Taking a great loss is almost universally a good thing for one’s career. Runners-up to prizes in the arts are well known to end up more successful than the winners. Sports teams who take losses like champions become beloved. Boxers who lose in classic fights become as immortal as the winner. And wrestlers who lose great wrestling matches become heroes.
Wrestling, of course, has the added benefit of design. But so does art. So does politics.
Daniel Bryan lost to Mark Henry on the 29 November live episode of Smackdown. It was a great match, a veritable MOTYC1. It continued WWE’s Year of the Villain2 with an impressive display of power and destruction by Mark Henry, my contender for most improved wrestler in history. It added evidence to the argument that Daniel Bryan can perform well with almost any dance partner, and that these two can play the parts of Sting and Vader (two great roles, after all). Most importantly, this match made us want to see more matches between the two.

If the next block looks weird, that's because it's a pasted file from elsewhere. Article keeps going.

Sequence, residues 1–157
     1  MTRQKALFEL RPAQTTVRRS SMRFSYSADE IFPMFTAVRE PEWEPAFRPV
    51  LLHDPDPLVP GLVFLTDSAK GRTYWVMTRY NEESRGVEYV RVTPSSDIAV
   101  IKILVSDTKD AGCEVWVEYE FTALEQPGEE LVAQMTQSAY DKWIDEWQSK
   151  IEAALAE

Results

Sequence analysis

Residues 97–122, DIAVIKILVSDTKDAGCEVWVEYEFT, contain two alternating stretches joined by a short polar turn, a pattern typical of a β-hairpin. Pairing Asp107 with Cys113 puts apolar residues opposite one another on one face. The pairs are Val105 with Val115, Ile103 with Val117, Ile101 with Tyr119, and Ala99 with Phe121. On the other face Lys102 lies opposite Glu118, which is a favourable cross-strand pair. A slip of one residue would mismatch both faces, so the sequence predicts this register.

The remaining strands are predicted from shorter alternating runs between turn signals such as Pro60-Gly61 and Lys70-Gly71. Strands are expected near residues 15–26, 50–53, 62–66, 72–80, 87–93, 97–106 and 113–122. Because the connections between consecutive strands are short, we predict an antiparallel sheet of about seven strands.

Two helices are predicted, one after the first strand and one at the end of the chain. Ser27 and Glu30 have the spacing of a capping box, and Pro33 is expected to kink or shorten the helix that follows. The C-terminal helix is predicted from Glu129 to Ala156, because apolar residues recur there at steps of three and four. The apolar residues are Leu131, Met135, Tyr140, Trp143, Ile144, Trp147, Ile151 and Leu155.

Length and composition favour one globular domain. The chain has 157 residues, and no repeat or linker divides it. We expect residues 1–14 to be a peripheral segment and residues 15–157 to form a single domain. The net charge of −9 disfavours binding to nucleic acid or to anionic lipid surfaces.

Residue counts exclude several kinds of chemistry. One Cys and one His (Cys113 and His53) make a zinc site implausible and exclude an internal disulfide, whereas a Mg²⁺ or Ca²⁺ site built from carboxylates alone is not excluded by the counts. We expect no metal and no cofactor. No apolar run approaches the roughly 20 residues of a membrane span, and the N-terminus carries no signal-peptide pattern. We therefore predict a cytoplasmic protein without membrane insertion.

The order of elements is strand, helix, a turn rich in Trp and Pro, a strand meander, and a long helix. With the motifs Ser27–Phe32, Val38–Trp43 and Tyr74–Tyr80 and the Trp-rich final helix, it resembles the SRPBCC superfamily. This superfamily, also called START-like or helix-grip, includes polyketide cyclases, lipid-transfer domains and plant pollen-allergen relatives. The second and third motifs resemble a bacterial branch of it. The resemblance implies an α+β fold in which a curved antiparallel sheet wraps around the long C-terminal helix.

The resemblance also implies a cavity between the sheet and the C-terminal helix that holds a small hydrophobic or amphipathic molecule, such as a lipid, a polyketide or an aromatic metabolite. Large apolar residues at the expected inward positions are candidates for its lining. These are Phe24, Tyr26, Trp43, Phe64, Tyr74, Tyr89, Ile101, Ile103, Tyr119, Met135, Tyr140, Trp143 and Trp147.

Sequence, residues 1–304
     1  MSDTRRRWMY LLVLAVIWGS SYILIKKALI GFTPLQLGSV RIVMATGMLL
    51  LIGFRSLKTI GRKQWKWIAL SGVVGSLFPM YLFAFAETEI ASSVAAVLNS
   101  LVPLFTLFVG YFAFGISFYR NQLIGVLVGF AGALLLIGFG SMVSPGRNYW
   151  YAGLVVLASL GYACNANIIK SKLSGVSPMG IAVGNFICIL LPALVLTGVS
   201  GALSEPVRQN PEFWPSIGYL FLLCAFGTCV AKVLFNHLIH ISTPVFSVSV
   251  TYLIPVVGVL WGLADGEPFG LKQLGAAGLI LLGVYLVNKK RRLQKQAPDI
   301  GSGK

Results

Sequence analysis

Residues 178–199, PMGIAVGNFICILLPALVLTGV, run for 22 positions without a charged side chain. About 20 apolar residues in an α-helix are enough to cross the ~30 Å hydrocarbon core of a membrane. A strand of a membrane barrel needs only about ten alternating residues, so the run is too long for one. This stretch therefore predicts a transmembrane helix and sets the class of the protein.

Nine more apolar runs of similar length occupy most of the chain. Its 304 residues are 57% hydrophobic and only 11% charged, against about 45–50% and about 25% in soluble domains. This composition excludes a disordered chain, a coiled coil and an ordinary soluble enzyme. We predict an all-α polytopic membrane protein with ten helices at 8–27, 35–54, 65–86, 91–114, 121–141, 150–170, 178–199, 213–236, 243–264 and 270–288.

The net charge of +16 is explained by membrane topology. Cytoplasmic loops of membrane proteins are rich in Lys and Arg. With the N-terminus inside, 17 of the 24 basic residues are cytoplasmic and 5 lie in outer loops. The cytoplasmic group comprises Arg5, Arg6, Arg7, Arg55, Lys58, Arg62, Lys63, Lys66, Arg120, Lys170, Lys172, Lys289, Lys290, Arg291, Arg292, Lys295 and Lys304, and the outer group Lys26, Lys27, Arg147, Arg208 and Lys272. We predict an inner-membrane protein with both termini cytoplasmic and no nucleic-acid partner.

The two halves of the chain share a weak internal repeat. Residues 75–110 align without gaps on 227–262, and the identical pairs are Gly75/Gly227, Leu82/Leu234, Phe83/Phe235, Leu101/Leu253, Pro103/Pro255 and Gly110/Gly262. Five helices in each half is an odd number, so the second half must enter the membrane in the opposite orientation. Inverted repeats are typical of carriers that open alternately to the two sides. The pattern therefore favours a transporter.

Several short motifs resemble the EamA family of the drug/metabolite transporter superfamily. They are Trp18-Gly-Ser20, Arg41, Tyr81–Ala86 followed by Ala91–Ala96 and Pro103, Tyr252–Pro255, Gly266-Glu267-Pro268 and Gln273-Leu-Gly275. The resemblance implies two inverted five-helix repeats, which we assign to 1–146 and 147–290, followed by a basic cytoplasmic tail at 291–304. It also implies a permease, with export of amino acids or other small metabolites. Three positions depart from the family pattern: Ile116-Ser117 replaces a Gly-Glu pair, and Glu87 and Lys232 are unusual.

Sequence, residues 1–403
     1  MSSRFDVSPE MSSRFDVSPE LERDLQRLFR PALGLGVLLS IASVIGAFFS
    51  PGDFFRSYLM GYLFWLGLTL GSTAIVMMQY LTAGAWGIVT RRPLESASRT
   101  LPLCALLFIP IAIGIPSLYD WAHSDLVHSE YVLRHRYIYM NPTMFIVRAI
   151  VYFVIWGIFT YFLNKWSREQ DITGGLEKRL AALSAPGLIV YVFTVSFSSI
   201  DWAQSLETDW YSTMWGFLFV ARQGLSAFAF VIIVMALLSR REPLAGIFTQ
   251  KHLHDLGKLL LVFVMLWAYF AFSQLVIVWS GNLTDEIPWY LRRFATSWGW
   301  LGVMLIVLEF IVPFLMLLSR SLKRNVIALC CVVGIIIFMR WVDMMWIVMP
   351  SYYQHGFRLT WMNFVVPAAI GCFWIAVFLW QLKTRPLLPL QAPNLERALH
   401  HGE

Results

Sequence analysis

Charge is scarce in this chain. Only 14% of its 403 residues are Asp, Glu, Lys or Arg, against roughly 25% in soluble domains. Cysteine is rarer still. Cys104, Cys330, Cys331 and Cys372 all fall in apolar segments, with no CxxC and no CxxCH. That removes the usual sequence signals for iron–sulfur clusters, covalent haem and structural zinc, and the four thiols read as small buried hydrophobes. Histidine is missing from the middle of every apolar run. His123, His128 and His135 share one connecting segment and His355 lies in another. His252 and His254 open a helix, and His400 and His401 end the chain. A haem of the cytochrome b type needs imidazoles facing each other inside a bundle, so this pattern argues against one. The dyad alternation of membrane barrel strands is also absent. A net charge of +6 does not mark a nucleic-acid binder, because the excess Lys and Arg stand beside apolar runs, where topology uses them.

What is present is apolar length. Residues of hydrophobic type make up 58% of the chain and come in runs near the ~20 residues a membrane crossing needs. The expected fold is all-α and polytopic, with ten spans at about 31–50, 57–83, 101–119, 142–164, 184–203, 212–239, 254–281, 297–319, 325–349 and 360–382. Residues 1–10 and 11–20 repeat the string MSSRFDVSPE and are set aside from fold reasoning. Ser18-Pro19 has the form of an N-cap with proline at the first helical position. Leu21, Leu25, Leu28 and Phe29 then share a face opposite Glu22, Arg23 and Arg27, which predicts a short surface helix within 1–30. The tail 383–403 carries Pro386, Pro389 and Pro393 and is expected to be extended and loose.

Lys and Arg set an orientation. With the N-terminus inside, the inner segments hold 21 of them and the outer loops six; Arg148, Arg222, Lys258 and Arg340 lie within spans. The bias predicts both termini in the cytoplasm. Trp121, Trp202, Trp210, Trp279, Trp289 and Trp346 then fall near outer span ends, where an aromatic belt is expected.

The point to be made with this match was that Daniel Bryan lost well, and that by losing well looks more in line for a Wrestlemania title match than ever. Based on the gimmick-laden nature of TLC, the Royal Rumble, and Elimination Chamber, WWE could write3 interactions for these two without another one-on-one match until Wrestlemania. Both men have legitimate stances: Bryan has his briefcase, and his ability to adapt and learn from previous encounters; Henry has beaten Bryan in the most crushing way he could manage at the time.
It’s a very, very old-style wrestling story, which is likely why the adults are enjoying it so much. There really isn’t any drama involving these two. It’s about a belt, one-upsmanship, determination, and beards. Give Cena vs Rock to the kids. The men in the audience are going to be glued to this one, because we all know what it’s like to lose well.